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Proc Nutr Soc. 2000 Feb;59(1):99-106.

Use of maternal reserves as a lactation strategy in large mammals.

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  • Nutrition Laboratories, Department of Zoological Research, National Zoological Park, Smithsonian Institution, Washington, DC 20008, USA.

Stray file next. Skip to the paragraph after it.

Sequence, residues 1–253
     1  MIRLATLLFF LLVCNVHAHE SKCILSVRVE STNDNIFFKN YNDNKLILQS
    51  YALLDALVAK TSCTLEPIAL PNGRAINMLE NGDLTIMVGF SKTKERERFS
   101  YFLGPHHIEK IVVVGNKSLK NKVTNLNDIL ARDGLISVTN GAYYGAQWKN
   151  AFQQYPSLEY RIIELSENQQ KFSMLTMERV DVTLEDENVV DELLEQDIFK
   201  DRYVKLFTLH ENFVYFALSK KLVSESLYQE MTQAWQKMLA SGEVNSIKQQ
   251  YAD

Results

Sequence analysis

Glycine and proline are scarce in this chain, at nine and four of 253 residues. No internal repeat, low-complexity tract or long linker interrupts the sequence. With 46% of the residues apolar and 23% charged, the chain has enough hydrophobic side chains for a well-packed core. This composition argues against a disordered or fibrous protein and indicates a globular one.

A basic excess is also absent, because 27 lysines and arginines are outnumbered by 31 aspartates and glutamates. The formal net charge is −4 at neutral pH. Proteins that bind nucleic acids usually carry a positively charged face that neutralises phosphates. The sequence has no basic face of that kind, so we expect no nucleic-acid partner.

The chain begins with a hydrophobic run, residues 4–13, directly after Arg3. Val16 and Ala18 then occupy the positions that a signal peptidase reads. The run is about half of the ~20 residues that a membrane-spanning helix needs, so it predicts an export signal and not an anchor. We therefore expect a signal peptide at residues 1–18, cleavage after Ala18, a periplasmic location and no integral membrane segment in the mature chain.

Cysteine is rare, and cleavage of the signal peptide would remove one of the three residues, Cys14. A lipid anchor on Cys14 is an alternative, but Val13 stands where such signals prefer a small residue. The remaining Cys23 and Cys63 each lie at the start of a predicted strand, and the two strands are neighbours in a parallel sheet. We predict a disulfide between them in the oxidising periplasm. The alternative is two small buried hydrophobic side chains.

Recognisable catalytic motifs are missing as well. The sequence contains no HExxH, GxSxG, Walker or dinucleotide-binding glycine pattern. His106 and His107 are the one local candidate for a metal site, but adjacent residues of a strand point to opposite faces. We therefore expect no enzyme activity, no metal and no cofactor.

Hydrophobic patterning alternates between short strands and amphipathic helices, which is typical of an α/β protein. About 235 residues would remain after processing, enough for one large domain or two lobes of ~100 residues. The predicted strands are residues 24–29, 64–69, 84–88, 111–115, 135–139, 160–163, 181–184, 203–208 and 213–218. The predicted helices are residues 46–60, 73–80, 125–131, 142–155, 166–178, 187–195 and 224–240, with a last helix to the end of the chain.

The substrate demands of lactation must be met by increased dietary intake or by mobilization of nutrients from tissues. The capacity of animals to rely on stored nutrients depends to a large extent on body size; large animals have greater stores, relative to the demands of lactation, than do small animals. The substrate demands of lactation depend on the composition and amount of milk produced. Animals that fast or feed little during lactation are expected to produce milks low in sugar but high in fat, in order to minimize needs for gluconeogenesis while sustaining energy transfers to the young. The patterns of nutrient transfer are reviewed for four taxonomic groups that fast during part of or throughout lactation: sea lions and fur seals (Carnivora: Otariidae), bears (Carnivora: Ursidae), true seals (Carnivora: Phocidae) and baleen whales (Cetacea: Mysticeti). All these groups produce low-sugar high-fat milks, although the length of lactation, rate of milk production and growth of the young are variable. Milk protein concentrations also tend to be low, if considered in relation to milk energy content. Maternal reserves are heavily exploited for milk production in these taxa. The amounts of lipid transferred to the young represent about one-fifth to one-third of maternal lipid stores; the relative amount of the gross energy of the body transferred in the milk is similar. Some seals and bears also transfer up to 16-18 % of the maternal body protein via milk. Reliance on maternal reserves has allowed some large mammals to give birth and lactate at sites and times far removed from food resources.

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